Arcadia Group’s success in achieving its seven company voluntary arrangements (CVAs) which was narrowly approved yesterday, comes with a double-edged sword, according to John Webber, Head of Business Rates at Colliers International and illustrates the deep flaws in the current business rates regime, which unfairly penalises retailers.
The vote on Sir Philip Green’s rescue package was narrowly approved by the companies’ creditors, including its pension trustees, suppliers and landlords. Arcadia’s majority shareholder, Lady Green, will now invest £50m of equity into the group, as per the CVA and has also agreed to fund cost of the amended rental reduction terms within the CVA proposals, as announced on 7 June.
However what has not been publicised is that the approval will also mean that Arcadia will now be able to take a business rates holiday on some of its stores and pay a reduced business rate obligation for the rest of the current rating year (to April 1st 2020), according to the terms of two of its CVA documents).
Colliers believes Arcadia has had to negotiate this because the current business rates system, with its 50p tax rate is unsustainable for such retailers and that if the multiplier was 30p – 35p as originally set, such a business rates holiday would not be needed.
Colliers has estimated that Arcadia’s current 480 UK stores were currently due to pay a business rates bill of around £80 million this financial year (April 2019/20). However, by the terms of its CVA 160 local authorities will now not receive business rates revenues on its Top Shop/Top Man stores for the rest of the year, with the hope that provided the company is turned around in three years’ time, they will then receive 5% of what they are owed. From looking at one of Arcadia’s CVA proposals, Colliers believes this means a hit to local authority finances of around £24 million for the current financial year.
John Webber, Head of Business Rates at Colliers International said, “Arcadia’s CVA has followed a precedent set out by Debenhams three weeks ago, where that troubled retailer had to virtually half its rates bill for this billing year through its CVA. It now looks like other retailers are being forced to follow suit.”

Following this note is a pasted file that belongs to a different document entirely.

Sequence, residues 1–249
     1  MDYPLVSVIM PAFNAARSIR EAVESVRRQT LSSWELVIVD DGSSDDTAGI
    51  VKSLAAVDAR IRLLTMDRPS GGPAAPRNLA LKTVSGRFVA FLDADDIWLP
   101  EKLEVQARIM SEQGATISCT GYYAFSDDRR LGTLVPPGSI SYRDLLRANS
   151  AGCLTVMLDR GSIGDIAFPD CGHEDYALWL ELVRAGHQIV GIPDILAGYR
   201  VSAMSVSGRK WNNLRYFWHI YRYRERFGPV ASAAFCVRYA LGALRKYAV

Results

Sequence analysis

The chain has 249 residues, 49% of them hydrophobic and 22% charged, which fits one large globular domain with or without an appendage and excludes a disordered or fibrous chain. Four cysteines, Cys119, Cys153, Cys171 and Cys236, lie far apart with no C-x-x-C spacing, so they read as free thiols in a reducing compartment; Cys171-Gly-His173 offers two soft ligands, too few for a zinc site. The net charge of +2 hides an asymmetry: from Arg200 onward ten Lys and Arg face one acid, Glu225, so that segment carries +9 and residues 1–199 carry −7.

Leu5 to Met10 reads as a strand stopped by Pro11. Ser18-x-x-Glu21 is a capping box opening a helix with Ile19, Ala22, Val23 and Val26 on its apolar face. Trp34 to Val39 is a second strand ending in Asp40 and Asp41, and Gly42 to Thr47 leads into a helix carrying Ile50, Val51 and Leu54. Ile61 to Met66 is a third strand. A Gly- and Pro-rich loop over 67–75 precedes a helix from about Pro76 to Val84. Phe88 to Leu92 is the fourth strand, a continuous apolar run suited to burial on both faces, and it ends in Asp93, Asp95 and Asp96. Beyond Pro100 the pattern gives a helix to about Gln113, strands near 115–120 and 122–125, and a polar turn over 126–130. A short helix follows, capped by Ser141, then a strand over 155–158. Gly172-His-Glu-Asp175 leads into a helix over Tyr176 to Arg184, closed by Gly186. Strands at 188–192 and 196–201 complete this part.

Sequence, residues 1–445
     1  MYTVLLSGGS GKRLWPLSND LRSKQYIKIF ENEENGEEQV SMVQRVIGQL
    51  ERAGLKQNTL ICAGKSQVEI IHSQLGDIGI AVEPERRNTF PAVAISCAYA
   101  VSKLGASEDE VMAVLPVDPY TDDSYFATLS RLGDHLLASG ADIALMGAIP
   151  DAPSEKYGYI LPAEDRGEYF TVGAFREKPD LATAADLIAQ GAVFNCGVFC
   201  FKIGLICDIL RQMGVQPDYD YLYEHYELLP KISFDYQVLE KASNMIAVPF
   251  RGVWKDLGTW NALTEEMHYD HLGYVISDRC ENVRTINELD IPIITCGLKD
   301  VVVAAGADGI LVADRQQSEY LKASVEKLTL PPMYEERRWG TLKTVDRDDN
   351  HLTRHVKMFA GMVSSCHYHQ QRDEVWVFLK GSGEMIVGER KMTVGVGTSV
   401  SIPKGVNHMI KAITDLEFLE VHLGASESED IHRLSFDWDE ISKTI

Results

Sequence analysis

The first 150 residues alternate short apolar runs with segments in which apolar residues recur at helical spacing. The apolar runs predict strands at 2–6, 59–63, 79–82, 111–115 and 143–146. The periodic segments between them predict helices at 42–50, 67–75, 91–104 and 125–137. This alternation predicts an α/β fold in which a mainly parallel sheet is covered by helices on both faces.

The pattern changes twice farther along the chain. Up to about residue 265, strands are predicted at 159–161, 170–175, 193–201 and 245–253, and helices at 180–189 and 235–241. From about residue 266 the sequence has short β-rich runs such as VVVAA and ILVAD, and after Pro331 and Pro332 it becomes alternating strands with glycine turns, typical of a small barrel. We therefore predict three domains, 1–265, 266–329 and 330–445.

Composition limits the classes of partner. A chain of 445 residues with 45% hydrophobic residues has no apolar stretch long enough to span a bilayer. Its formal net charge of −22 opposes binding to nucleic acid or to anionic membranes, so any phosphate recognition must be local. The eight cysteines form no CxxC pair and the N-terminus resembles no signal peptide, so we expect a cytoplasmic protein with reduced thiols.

Traditionally, business rates obligations were considered sacrosanct in CVA negotiations, because of the impact on local authority financings if they are not paid. However, the current business rates system is now so flawed and particularly imbalanced towards physical store-based retailers who pay 25% of ALL business rates, even though the gross value-added from retail is less than 10% (ONS, 2018), that it has come under strong attack from the sector.
The Centre for Retail Research estimate the retail sector paid a total of £7.6 billion in business rates in 2018-19. For many it has become effectively a 50% tax.
As John Webber Head of Business Rates at Colliers International, said, “ It is clear that for many retailers to survive in the near term, they cannot cope with a 50p tax along with business rates rises every year along with inflation, irrespective of whether the business is doing well or badly. If you add in that many in the sector are paying considerably more in business rates than they should be due to the onerous effects of downward phasing on their rates bills, following the 2017 Rating Revaluation, you can see that this is not a neutral tax at all.. It looks like Arcadia has had to make such demands to survive”
Webber continued, “We have a great amount of sympathy with many retailers in the current market place who are shouldering too much of the business rates burden and we have long been advocates of reform and a much fairer system. To some extent, although not the only reason, the tipping point for some companies to move into CVA has come about because of the failure of the Government to properly reform a system that has imposed an unsustainable 50% tax on many in the sector.”
“Of course, although understandable, these business rates holidays do have consequences. Through Arcadia and Debenhams’ CVAs alone, Local Authority finances will be down over £30 million this year and if every troubled retailer does what these companies have been forced to do to survive this would have a massive impact on local authority financing. Local Authorities will not have the funds they have budgeted for to run local services, which we already know are tightly stretched. It also has the effect of creating two tiers in the High Street of those paying full rents and rates set against those paying reduced rents, and now in some case no rates at all.”
Webber added, ““Unless something is done, Arcadia won’t be the end of this story. With Monsoon saying it is looking to “accelerate” the process of its store closures as it mulls a potential CVA so that it can restructure its estate, and other retailers in the same predicament, it looks like the business rates fiasco could well turn from a farce into a serious tragedy. Not an ideal scenario for UK High Street going forward.”